- Buy Your Own Abaya: Here are six stores in Dubai where you can buy an abaya of your own.
- Dubai Dress Code: What Can Travelers Wear? Find out which styles you can and can’t get away with.
- Arab Fashion Week: Dubai’s Arab Fashion Week is the forum for the latest Gulf and international styles.
- When It’s Not a Ghutra: Know the differences between the keffiyeh, the ghutra, and the shemagh.
- What’s the Difference Between a Hijab, Niqab, and Burka? Women in Dubai may wear different head coverings.
Dubai’s food culture has adapted to the palates of immigrants and expats, but there are still some iconic dishes that all visitors must try.
Machboos is a fragrant rice dish topped with pieces of tender lamb, beef, chicken or goat. This dish is served with pine nuts and a spicy tomato sauce called daqoos. If the meat is cooked in a pressure cooker, the dish is called madghut. When it’s cooked on hot stones, it’s called mathbi.
A South Asian dish biryani, is also a culinary staple in Dubai. Biryani is mixed rice flavored with Indian spices paired with meat or chicken. Chutney or raita is served with it on the side.
Dubai is also famed for its tea and coffee. Both beverages are often accentuated with saffron, cardamom or anise. Tea can be drunk before or after a meal and may be accompanied by dates.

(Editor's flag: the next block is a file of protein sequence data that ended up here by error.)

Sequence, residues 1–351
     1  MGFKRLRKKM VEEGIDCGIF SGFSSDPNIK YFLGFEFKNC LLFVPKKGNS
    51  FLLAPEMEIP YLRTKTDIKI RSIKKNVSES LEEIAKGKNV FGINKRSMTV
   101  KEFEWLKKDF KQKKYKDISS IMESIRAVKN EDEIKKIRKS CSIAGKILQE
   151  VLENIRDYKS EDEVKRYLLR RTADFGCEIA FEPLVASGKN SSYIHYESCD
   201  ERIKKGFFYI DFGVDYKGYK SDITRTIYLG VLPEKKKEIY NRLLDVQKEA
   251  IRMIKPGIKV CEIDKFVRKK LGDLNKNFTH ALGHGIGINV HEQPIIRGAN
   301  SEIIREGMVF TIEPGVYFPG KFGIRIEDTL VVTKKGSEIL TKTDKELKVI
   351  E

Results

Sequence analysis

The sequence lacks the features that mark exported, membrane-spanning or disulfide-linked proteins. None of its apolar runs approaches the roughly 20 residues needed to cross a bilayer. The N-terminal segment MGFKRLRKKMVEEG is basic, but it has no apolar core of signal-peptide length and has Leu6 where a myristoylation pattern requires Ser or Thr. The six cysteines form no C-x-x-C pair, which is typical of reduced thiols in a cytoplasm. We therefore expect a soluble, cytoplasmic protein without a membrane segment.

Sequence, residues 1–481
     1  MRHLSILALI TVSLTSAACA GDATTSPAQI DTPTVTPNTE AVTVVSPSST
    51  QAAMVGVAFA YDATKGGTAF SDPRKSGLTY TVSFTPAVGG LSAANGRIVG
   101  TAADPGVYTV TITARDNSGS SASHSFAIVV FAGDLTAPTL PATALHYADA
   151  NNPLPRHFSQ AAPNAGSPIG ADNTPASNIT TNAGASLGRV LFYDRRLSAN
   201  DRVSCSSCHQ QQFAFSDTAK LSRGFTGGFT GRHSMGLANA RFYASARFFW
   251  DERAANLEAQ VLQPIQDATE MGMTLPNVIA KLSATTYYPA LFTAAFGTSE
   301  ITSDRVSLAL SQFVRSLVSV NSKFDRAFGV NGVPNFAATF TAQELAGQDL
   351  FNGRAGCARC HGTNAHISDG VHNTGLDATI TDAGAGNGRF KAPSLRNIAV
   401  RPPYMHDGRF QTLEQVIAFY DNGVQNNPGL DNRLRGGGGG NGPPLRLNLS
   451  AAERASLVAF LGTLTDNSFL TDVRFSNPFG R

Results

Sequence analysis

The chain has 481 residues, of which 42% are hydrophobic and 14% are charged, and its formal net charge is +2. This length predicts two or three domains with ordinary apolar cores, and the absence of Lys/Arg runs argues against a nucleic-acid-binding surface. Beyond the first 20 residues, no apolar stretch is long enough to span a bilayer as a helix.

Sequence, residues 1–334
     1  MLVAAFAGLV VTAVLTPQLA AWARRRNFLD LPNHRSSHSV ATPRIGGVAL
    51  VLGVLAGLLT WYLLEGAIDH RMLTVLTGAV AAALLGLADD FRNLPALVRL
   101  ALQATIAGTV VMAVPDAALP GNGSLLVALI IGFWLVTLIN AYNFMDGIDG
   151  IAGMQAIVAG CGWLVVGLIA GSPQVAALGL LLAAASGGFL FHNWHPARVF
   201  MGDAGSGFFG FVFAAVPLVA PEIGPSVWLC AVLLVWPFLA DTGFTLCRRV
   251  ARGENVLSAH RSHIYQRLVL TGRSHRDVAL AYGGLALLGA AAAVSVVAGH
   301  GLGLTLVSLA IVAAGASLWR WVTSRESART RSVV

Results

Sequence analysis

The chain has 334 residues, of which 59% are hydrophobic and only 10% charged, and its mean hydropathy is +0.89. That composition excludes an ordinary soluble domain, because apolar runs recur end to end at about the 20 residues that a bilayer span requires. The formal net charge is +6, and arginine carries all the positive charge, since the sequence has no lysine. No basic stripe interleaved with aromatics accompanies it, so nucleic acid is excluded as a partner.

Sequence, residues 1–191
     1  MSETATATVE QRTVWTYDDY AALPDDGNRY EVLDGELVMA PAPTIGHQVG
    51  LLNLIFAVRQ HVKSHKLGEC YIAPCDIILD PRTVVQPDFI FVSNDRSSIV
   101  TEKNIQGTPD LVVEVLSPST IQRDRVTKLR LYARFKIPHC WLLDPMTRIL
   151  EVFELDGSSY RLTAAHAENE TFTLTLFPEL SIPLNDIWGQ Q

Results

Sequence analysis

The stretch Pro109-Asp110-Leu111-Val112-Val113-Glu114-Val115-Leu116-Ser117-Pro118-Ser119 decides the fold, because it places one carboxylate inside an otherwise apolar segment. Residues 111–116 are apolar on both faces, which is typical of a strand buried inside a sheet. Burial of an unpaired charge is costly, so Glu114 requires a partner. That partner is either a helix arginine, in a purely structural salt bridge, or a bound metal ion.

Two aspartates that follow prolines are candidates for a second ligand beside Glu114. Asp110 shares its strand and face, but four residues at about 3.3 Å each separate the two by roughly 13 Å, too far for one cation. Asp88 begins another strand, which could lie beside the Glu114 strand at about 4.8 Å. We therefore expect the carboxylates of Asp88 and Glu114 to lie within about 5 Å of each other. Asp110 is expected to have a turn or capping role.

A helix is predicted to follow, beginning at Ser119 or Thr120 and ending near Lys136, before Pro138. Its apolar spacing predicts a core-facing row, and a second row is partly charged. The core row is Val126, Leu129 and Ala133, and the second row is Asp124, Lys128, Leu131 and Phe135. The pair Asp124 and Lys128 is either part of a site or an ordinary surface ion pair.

- Seven Foods You Should Try in Dubai: Don’t leave without trying at least one of these seven dishes.
- Machboos Recipe: Try making machboos in your own kitchen with this chicken recipe.
- A Garlicky Daqoos: Garnish any rice or meat dish with this tangy sauce.
- Top Ten Mandi Restaurants: Try chicken or meat mandi at one of these restaurants.
- Chicken Biryani Recipe: Impress your Indian or Pakistani neighbors with this recipe for chicken biryani, which is also popular in Dubai.
- Emirati Cuisine: History and Top Places to Eat: Learn the history of your favorite dishes and where you can get them.
- The Origins of Ragag Bread: Read about the origins of Ragag bread and test the recipe.
- Kahwe Arabiyye: Adding Cardamom to Coffee: Arabic coffee with cardamom is a light and refreshing hot drink.
- Tasting Al Harees: Porridge with meat may seem like an odd combination, but it’s quite tasty.
- The Cultural Significance of Dates: This small fruit can have many layered meanings.
- Taste of Dubai Festival: The Taste of Dubai Festival celebrates Emirati and international cuisine.
- Camel Burgers a Fast-Food Trend: Eat a camel burger for a new experience.
- UAE Food Trends: Vegan and gluten-free options are gaining popularity.
- Luqaimat: If you’ve had zalabia, jalabiya or gulab jamun, you’ll love the UAE version – luqaimat.
- Basbousa Recipe: Bake this light and fluffy semolina dessert.
- Balaleet: Try the UAE version of an omelet.
Dubai’s cultural tapestry is rich with diversity beyond its years due to the multicultural background. In everything, from the music to the cuisine, there’s a tremendous amount to discover. Definitely more than can be explored in a day.
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With that we end this post on the culture of Dubai. Stay tuned to MyBayut for more interesting news and updates on Dubai and the UAE.